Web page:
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Re: Do the must 'bounce' rules need to be relaxed for virus infected messages?

2004-03-23 21:33:05

"positively determined" or "reliably determined" roughly fits
my sense of what is appropriate, though I'd be more
comfortable if there were some examples for both what was
reliable and what was not considered sufficiently reliable.

for instance, I don't think it would be acceptable to silently
drop messages on the basis of an SPF record, because the
problem could actually be a configuration error rather than
malice or deceit.


The examples, and moving into the sort of topic your last paragraph above raises, takes us down the slippery slope.

It's difficult to avoid some slippery slope, and I'm not sure it can be done. But it seems to me that there are two slippery slopes back to back with not much room in the middle. One of them is the risk that we will encourage people to drop messages for poor reasons (even though they may think they're good reasons). Another is the risk that by trying to define (or even give examples) as to just what is and what isn't a good reason we'll exclude some valid reasons and/or permit some invalid ones, fail to anticipate some changes in conditions, and/or generally make things more difficult to understand and less likely to be implemented correctly.

I actually think it's more correct to say "don't send NDNs when there is a reliable indication that the MAIL FROM is forged" than "don't send NDNs in response to malicious or deceitful messages", because the real issue is sending NDNs to people who can make little use of them. But that opens up its own set of problems, not the least of which is that we don't have any standard, reliable indications that MAIL FROM is forged. (another is - how much work should an MTA do to determine whether MAIL FROM is forged?)

It would be interesting to consider separating the protocol specification (state machine, syntax, response codes, etc) from the recommended operational practice - with the expectation that the protocol specification limits itself to broad recommendations where operational issues are concerned, and also the expectation that the recommended operational practice document may be updated more frequently than the protocol specification. Though I'm not sure how well this translates into implementations (or customer support issues) - do we then insist that implementations have knobs in appropriate places so that they can be tweaked according to the latest recommendations?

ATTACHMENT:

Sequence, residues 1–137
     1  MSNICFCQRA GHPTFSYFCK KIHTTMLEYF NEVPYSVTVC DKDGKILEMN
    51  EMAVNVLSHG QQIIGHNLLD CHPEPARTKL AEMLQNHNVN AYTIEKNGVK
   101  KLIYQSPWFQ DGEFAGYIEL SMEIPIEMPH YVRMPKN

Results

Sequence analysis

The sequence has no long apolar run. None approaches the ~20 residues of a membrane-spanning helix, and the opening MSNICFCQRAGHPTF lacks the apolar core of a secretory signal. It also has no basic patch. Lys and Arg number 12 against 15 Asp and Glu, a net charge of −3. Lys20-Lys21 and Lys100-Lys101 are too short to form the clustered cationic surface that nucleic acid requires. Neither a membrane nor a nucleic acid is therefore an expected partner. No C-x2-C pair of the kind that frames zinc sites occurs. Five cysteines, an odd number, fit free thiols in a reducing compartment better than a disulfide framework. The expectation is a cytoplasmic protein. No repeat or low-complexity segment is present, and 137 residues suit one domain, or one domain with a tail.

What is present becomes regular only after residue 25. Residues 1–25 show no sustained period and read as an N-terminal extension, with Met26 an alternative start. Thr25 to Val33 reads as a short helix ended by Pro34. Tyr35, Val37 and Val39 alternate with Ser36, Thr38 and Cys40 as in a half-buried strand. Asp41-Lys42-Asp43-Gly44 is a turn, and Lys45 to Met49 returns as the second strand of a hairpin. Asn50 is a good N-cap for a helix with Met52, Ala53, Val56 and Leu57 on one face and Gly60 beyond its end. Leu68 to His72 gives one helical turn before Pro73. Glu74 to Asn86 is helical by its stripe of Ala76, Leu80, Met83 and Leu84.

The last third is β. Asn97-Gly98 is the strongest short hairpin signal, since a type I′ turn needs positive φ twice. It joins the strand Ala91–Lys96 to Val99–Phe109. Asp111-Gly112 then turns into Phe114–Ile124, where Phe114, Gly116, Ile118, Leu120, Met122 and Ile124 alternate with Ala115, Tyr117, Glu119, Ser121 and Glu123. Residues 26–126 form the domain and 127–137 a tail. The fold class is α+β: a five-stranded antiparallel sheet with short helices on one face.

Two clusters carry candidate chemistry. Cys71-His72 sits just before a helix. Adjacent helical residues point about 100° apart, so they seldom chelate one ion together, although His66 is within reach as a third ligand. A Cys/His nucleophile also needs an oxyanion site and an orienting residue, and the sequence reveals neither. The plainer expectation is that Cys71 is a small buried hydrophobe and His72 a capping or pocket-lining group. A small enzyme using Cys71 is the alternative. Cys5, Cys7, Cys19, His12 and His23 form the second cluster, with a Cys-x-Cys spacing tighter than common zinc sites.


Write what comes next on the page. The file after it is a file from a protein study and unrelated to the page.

So there are lots of slippery slopes to be found in this area...

So it seems to me that saying "this is generally a bad idea, but, if you conclude you absolutely must do it to protect yourself, please be very cautious" or "if you know the message had evil intent and that producing an NDN or other notification might make things worse, it is ok to make a decision to not make the notification" is reasonable. But going into "evil-identifying technique X isn't as good as you think it is" would just get us into long-term trouble. It might even give X a lifetime longer than it deserves or would otherwise have.

A separate document on the subject of "dropping NDNs considered harmful and dropping messages is considered _really_ harmful" would, I think, be in order, and it might be (probably should be) filled with lurid examples. I'd be willing to review and contribute to it if someone else made a start. But, e.g., a discussion of the strengths and weaknesses of SPF in the base mail standard seems just wrong to me, almost as wrong as the recommendation that blackhole support be required that appears in RFC 3552.

just to clarify - the mention of SPF wasn't intended as a suggestion for something to put in the SMTP specification, just an example of something that people might mistakenly _think_ was a reliable indication of malice or deceit - to support the argument that "reliably determined" language might not be good enough by itself.

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